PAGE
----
Funding Your Education

It is a fact that a college education is expensive, very expensive.  Even at lower-priced, state-supported colleges a four-year degree can still cost in excess of $50,000.  College tuition and fees continue to increase at an alarming rate.  These increases have made "paying for college" practically impossible.

In a recent survey conducted by the American Council on Education it was found that financing their children’s college education is one of the top five concerns facing American parents today.  Although parents generally have good intentions, there are many unforeseen circumstances along the way that prevent them from saving a sufficient amount of money to pay for their children’s college education.

With today’s economy, and the inflation we have experienced over the past twenty years, this problem is far more evident now than it ever has been in the past.  It most often takes two incomes just to meet the family’s budget.  Unfortunately, after paying the family’s monthly expenses, there is usually not much left over for the student’s college education.

Fortunately, you do have options!

FAFSA

The FAFSA is a financial aid application administered by the Federal government, and is required from all students seeking financial aid for college.  The window to complete the FAFSA opens October 1st each year.  The FAFSA is an annual event after the initial completion in October of the student’s high school senior year that must be completed every year through graduate school.

When you complete your FAFSA form you have to attest under penalty of perjury that it is correct. More than half of the FAFSA applications are not correct and it costs families millions of dollars every year.

Before filling out a FAFSA form make sure you understand what is a countable asset and what is not. An easy example is that you owe $10,000 on your credit card and you have $15,000 in a checking or savings account. All of that $15,000 is an asset but nobody (except you) cares about the $10,000 credit card. Pay off that credit card and your expected family contribution (EFC) will go down.

There are literally hundreds of things that can be done to lower the expected family contribution. If you're not an expert, you need to talk to one! 





The Odds are Against you

Over 50% of the kids who start college do not get their degree. The biggest reason students drop out is lack of funding. The second reason is  changing schools and the third is changing majors.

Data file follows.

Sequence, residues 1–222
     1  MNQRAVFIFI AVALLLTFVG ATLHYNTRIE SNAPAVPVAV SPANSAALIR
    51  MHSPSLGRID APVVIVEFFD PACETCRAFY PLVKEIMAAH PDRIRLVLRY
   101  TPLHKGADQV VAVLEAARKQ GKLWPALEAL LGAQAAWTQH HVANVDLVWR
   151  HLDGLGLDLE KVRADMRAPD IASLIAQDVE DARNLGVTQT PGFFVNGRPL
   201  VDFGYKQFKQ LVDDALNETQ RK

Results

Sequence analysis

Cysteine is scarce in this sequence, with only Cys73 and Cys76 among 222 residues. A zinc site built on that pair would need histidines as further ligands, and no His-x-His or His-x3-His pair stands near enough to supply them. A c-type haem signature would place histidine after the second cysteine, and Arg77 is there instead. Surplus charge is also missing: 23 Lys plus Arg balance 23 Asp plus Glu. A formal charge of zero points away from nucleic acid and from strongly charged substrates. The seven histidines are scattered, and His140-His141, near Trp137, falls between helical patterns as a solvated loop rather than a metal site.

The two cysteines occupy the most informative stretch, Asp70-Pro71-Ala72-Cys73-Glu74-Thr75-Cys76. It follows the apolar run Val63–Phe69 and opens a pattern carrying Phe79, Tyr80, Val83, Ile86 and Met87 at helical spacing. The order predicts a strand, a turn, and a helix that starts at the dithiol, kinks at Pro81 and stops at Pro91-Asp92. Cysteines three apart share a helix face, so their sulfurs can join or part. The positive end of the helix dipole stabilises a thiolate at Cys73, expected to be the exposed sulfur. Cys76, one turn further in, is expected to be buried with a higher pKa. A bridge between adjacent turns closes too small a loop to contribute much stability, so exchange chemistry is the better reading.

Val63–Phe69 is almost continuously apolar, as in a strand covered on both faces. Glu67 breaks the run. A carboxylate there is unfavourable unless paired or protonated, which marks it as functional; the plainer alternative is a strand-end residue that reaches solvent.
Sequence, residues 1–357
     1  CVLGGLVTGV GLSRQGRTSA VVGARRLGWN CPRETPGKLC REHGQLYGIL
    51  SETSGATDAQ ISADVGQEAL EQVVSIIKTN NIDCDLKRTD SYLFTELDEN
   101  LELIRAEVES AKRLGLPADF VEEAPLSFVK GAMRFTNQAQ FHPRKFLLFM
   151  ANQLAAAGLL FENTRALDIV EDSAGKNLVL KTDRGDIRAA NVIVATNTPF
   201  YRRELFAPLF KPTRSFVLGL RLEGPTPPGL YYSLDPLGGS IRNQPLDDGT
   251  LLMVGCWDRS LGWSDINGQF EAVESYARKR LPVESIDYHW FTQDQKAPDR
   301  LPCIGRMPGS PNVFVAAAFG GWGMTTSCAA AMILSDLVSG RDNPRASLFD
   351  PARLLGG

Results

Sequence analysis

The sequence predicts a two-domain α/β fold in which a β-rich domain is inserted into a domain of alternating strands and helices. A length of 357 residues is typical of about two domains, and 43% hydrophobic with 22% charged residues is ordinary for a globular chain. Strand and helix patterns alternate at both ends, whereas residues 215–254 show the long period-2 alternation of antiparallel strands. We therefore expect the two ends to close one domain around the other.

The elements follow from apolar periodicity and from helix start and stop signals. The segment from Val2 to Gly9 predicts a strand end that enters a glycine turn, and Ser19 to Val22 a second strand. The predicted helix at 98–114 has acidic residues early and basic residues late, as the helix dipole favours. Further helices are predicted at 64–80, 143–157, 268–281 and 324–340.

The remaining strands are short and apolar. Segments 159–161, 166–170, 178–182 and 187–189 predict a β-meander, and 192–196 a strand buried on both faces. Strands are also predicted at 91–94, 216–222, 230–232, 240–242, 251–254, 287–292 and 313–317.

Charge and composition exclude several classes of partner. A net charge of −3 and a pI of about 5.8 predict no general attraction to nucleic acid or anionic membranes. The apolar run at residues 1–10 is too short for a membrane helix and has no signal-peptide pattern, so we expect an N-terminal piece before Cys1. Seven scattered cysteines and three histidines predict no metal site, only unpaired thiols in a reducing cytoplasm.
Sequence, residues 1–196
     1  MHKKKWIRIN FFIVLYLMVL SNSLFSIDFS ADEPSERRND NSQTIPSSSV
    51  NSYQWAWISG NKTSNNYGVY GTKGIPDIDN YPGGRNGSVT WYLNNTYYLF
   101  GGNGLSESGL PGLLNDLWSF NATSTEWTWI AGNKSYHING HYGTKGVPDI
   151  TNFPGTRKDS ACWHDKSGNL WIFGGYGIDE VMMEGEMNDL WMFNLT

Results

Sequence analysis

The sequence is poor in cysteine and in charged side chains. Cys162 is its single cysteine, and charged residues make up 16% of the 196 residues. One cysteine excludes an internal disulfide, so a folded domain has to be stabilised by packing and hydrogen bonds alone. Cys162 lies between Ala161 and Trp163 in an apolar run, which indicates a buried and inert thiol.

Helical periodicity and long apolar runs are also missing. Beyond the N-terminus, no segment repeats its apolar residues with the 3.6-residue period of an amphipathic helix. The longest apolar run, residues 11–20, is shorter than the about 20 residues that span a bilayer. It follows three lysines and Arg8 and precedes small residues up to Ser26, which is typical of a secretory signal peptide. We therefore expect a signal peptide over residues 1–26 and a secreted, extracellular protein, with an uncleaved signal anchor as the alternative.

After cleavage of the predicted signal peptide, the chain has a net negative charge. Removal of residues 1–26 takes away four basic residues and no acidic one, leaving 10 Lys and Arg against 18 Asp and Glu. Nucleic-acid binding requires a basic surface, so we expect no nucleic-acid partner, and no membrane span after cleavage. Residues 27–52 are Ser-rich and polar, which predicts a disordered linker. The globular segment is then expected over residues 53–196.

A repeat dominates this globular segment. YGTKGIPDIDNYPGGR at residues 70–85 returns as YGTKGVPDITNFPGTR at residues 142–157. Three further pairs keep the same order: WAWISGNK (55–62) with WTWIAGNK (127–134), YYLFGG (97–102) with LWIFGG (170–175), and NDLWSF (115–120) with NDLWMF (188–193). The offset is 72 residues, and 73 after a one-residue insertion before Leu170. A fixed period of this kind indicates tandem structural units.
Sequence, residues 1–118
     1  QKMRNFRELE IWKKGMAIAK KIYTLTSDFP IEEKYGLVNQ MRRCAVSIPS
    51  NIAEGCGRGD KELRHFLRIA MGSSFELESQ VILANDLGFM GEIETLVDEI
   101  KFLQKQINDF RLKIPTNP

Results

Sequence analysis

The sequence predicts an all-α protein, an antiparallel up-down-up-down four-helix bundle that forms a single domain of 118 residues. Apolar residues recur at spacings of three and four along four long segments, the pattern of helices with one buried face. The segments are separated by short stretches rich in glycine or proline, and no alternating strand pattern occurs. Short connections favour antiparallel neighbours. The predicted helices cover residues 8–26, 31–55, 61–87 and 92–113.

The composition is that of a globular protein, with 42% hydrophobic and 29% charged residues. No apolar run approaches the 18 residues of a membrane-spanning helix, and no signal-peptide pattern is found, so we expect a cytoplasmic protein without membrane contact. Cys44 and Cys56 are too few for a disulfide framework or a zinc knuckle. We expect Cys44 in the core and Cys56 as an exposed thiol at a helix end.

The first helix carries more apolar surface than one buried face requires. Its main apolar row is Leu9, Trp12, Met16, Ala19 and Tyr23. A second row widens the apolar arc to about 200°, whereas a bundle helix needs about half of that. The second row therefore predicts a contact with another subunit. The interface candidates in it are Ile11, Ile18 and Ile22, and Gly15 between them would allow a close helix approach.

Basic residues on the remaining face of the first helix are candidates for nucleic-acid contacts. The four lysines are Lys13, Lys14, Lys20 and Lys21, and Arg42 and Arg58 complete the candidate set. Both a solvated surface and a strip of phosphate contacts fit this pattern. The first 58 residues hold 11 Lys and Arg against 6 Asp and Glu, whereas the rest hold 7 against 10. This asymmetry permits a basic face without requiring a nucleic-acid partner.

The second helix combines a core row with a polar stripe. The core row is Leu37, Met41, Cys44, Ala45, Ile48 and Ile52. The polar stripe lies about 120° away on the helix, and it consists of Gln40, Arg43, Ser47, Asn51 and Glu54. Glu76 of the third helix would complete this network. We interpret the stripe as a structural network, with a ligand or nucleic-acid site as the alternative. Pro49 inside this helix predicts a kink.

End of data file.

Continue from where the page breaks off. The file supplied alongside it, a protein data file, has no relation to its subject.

If you think about it,  whathappens when you change schools or change majors? It costs more money, right?

So really a lot of it ends up falling back to the lack of funding.  Right now, according to the Department of Education, the average student takes 5 ½  years to get their bachelor degree.

We Can Help. Families who work with with College Funding Solutions, have an 85% graduation rate. In fact, for last  year our graduation rate was 86%. If the only thing I could do for  you was to give your student an 86% chance of getting their degree, versus 48%, whatwould that be worth?

The kids in our  program graduate on average in four and a half years versus the national average of  5 ½ years. So, again, if the only thing I was able to do for  you and your family was  getting your child in and out of school a year quicker, what would that be worth to you?

Certified College Advisors

Effective college planning is a highly sequential process.  With the ever increasing costs related to a college education, more and more families are seeking help from professional educational consultants.  With the rapid expansion of the college planning market, there has been a significant increase in the number of so-called "college planners," particularly in the financial services industry.

Families who are seeking college planning assistance want the peace of mind that comes from dealing with an individual who is truly concerned about the student and their educational goals, and who is knowledgeable about the inner-workings of the overall college planning process.

The Certified College Advisor (CCA) designation is awarded to individuals who have completed extensive training that encompasses all aspects of the college planning spectrum, including; career planning, college selection, scholarship opportunities, admissions, FAFSA, EFC, SAR, CSS/Profile, award letter evaluation, etc.

Al Mendelsohn has taken the requisite classes and passed the demanding test to proudly have the honor of being named a Certified College Advisor.


The US Department of Education does not certify college advisors. The use of a college financial advisor does not guarantee a student’s college enrollment or funding eligibility.  The success of your student is our first concern but we will never violate the law or our code of ethics to get your student into college or get money for which they are not lawfully entitled.

Certified College Advisors have all satisfied the required CCA credentials and successfully completed all related training requirements.  College Funding Solutions, Inc ("CFS") does not endorse the individual financial services that a CCA may offer.  Furthermore, CFS is not responsible for, and may not be held liable for, any financial products and/or services provided and/or offered by the CCA as they relate to college planning or otherwise.  CFS does NOT provide legal, tax, or investment advice.  CFS is NOT an investment firm.  CFS DOES NOT represent and/or endorse an investment firm.  CFS DOES NOT make investment suggestions or lend investment advice.  Please consult with your tax accountant or investment professional before making decisions, investments, changes, and/or adjustments.

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